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NASA confirms large fragment of Space Shuttle Challenger found in the Atlantic Ocean

It's the biggest piece recovered in 25 years.

By Cassidy Ward
Space Shuttle Challenger

In the wake of the Apollo program, NASA set its sights on developing a more permanent presence in space. The crown jewel of that effort is the International Space Station, where we have maintained a constant human presence in low-Earth orbit for more than two decades. You can hear those stories from the astronauts who lived them in The Wonderful: Stories from the Space Station. That station is the result of an incredible international effort which relied heavily on NASA’s Space Transportation System, commonly called the Space Shuttle.

While the Space Shuttle successfully built large portions of the ISS, launched the Hubble Space Telescope and scores of other satellites and scientific instruments, and ferried astronauts on dozens of successful exploratory missions, it wasn’t without its costs. Tragedy struck the Space Shuttle twice during the life of the program, once in 2003 when Columbia broke up on re-entry, and once before that, in 1986 when Challenger was lost during launch.

On the morning of Jan. 28, 1986, 73 seconds into its 10th flight, Challenger experienced a fatal malfunction resulting in the loss of the crew and the craft. It was carrying seven crew members, including schoolteacher Christa McAuliffe, as well as the TDRS-B communications satellite. In addition to launching the satellite, the crew had plans to study Halley’s Comet, which was on approach at the time.

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Frigid temperatures on the day of launch stiffened O-rings in the right solid rocket booster. As a result, hot pressurized gas breached the seal and ultimately caused the shuttle to breakup. Wreckage from the disaster largely fell into the Atlantic Ocean, where some of it was recovered during a months-long search effort following the accident.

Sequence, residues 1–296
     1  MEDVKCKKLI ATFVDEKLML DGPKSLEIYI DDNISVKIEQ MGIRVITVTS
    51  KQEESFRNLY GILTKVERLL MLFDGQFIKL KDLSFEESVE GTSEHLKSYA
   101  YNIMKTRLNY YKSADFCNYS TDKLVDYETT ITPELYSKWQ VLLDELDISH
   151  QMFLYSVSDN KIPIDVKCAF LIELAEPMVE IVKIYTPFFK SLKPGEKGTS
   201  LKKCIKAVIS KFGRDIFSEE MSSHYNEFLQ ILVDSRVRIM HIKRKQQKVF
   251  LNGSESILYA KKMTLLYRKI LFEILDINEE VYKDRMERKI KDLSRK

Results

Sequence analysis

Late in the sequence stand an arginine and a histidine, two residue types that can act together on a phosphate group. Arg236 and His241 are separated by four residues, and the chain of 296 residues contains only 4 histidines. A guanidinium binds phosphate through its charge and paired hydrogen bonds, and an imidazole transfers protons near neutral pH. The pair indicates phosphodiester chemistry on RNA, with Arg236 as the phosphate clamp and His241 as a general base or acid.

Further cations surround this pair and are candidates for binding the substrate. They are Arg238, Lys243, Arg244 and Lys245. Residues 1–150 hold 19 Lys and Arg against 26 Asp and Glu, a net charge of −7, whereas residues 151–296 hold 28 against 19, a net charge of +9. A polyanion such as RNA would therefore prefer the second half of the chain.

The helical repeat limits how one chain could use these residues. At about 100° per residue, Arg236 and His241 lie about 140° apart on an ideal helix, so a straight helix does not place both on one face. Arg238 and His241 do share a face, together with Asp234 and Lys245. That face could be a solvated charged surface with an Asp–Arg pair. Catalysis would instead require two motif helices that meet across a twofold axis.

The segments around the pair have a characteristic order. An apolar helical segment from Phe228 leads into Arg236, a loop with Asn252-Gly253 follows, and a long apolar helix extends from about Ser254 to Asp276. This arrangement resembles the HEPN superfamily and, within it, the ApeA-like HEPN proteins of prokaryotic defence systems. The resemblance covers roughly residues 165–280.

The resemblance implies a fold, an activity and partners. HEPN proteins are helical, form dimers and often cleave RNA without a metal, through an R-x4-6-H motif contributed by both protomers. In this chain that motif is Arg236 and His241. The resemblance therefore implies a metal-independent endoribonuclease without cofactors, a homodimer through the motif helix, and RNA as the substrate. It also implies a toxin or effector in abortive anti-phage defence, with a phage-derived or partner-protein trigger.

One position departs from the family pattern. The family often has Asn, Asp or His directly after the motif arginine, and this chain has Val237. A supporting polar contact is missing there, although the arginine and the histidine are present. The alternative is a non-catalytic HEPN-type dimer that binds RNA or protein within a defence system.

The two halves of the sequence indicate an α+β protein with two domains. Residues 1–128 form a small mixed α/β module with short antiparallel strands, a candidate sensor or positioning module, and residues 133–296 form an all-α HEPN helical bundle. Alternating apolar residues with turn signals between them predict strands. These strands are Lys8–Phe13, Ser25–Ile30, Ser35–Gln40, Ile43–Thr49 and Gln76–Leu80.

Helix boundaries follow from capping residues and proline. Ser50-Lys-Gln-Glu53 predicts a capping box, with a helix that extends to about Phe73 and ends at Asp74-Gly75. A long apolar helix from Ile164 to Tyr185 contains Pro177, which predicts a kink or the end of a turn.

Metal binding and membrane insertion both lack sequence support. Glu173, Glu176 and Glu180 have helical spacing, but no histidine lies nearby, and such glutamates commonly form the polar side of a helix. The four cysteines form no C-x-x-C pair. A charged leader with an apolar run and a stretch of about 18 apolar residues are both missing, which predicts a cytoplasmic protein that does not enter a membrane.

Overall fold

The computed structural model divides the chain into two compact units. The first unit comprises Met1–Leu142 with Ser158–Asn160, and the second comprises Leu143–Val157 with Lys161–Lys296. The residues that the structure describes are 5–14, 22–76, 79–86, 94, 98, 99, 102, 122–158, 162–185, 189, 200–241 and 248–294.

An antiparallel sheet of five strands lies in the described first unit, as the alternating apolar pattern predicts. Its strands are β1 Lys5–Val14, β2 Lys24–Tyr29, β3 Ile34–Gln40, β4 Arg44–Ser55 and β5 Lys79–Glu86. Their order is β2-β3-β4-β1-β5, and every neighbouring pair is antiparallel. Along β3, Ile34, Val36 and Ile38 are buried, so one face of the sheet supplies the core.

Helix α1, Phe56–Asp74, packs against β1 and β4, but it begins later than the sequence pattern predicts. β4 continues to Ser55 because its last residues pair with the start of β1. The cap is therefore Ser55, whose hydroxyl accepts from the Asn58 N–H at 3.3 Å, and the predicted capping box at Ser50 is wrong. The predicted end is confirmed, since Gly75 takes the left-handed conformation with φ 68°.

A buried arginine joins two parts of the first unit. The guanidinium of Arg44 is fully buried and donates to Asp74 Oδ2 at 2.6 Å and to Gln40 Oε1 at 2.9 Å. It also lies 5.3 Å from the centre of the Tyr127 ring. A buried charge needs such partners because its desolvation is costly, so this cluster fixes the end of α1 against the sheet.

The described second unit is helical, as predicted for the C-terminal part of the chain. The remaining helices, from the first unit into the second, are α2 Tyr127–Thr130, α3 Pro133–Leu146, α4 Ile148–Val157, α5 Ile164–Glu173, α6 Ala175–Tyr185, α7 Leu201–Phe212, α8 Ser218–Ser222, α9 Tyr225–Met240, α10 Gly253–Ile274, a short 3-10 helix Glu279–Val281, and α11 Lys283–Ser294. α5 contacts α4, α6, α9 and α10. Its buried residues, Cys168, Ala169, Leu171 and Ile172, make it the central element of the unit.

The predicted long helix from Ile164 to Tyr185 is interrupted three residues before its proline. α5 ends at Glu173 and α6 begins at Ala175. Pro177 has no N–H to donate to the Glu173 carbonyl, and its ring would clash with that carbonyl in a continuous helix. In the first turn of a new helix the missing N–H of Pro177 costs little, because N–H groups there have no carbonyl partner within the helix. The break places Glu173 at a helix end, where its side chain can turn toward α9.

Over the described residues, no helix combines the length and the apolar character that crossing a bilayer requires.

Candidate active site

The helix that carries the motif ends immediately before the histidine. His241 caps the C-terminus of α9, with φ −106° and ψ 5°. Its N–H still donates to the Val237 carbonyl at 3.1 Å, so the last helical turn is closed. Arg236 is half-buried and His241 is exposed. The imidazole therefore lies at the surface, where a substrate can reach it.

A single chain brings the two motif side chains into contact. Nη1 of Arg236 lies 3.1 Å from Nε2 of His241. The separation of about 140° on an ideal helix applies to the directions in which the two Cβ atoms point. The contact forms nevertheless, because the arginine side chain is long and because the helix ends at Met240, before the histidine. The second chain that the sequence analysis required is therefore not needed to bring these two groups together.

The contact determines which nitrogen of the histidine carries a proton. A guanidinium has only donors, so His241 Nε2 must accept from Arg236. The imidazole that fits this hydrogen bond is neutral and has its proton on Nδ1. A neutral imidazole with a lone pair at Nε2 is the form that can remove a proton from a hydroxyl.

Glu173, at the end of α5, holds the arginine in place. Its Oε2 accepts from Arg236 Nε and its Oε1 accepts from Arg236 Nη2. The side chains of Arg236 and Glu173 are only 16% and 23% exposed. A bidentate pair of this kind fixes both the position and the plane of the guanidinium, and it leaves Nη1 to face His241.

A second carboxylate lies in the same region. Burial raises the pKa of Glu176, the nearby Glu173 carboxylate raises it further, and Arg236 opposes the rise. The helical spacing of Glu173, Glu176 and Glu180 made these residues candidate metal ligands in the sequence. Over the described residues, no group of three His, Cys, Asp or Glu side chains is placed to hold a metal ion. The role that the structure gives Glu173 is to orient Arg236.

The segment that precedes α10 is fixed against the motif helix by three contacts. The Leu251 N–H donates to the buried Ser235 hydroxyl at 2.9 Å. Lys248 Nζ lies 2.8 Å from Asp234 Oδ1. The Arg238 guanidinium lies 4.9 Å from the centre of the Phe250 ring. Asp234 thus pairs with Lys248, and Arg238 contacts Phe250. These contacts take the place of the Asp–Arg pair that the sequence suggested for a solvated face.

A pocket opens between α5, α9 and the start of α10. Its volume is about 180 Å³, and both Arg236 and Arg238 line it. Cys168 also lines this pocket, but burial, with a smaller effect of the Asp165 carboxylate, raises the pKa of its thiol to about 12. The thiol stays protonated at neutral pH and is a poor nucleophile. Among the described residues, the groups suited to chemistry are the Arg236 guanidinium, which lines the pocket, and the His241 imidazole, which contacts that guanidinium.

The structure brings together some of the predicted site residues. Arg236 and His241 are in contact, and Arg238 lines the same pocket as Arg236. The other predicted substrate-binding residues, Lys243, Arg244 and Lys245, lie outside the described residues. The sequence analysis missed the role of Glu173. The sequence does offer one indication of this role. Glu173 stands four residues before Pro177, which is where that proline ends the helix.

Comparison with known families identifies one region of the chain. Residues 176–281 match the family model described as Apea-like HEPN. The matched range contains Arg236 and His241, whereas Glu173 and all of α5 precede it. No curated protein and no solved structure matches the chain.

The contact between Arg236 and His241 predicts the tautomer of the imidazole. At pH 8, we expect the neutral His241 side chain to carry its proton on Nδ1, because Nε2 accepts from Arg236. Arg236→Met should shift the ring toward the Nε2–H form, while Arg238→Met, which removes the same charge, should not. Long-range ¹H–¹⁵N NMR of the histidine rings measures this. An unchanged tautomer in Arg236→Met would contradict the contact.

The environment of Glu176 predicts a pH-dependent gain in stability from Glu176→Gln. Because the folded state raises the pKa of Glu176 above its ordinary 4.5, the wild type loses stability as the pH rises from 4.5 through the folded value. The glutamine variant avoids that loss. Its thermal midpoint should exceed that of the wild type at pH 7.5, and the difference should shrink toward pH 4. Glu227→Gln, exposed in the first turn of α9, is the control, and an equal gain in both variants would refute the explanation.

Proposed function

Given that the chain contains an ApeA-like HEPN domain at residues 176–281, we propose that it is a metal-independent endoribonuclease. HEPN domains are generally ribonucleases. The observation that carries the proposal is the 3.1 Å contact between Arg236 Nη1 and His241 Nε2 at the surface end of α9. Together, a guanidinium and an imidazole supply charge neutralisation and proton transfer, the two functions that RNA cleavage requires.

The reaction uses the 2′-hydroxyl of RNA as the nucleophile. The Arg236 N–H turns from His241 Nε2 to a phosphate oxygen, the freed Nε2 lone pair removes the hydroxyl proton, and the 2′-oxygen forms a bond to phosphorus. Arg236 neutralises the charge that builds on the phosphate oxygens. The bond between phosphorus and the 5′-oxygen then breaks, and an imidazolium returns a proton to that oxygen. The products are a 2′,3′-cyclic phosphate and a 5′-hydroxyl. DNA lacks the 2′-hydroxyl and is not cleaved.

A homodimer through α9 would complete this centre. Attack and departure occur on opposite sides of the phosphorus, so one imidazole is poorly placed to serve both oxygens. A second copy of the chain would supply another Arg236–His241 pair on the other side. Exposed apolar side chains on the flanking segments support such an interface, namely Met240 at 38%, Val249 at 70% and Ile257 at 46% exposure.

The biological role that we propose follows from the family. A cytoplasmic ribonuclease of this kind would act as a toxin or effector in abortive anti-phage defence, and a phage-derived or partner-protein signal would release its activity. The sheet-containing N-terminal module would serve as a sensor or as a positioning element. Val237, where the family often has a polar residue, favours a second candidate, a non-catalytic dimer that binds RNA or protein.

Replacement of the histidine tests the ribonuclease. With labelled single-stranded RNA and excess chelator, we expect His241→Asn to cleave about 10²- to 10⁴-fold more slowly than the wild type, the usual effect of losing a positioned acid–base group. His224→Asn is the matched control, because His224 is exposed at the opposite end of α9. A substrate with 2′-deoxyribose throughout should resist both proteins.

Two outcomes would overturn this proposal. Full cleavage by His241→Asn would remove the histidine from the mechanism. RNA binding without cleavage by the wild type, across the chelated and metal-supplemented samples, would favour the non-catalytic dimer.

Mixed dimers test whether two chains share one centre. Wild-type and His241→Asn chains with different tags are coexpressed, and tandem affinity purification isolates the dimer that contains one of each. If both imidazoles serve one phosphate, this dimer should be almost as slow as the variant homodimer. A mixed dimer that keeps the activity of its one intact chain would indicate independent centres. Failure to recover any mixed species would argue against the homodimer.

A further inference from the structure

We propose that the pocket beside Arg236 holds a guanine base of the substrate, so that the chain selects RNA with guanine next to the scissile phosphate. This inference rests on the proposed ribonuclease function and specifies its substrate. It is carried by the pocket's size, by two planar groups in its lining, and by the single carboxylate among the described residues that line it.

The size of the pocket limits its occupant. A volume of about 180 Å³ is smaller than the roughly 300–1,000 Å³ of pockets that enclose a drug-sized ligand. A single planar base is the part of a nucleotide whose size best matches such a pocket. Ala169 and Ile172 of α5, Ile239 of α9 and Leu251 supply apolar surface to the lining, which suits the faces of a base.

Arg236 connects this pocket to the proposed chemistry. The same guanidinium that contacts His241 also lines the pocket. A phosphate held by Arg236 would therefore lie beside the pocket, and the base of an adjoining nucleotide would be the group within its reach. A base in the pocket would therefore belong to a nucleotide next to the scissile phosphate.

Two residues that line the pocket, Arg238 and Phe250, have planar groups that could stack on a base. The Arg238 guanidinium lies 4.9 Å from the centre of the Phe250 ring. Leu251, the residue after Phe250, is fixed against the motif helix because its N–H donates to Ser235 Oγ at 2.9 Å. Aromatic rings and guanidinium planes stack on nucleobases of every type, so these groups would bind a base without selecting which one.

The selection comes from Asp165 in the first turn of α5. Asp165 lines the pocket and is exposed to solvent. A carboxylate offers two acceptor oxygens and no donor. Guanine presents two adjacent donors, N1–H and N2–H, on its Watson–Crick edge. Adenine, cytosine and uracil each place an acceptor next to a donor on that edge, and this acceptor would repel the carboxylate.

Recently, a History Channel documentary crew was looking for World War II-era aircraft sunken off the East Coast of Florida when they stumbled upon something unexpected. Partially buried in the silt of the seafloor, divers found a large humanmade object which NASA has confirmed to have belonged to the ill-fated shuttle. It’s one of the largest pieces of wreckage ever found and the first to be discovered since pieces of left wing washed ashore in 1996. Divers recognized 8-inch square tiles on the surface of the fragment jutting up from the ocean floor which, when coupled with the proximity to the Kennedy Space Center, prompted them to contact NASA.

“Challenger and her crew live on in the hearts and memories of both NASA and the nation. Today, as we turn our sights again toward the Moon and Mars, we see that the same love of exploration that drove the Challenger crew is still inspiring the astronauts of today’s Artemis Generation, calling them to build on the legacy of knowledge and discovery for the benefit of all humanity,” said Kennedy Space Center Director Janet Petro, in a statement.

NASA reviewed footage of the artifact, which is believed to be at least 15 feet by 15 feet in size. The thermal tiles present on the wreckage suggest it was part of the belly of the shuttle, designed to endure the intense heat of re-entry. At present, the fragment remains on the ocean floor while NASA considers next steps. Legally, any Shuttle artifacts are the property of the U.S. government and must be turned over. What happens to the fragment when and if NASA recovers it from the ocean remains to be seen. Most other pieces of Challenger and Columbia are in storage, with the exception of a couple of pieces on display at Kennedy Space Center Visitor Complex.

A documentary of the discovery is slated for broadcast on the History Channel on Tuesday Nov. 22, as part of a broader presentation on the Bermuda Triangle. NASA notes that the artifact was discovered near Florida’s Space Coast, considerably northwest of the Bermuda Triangle.

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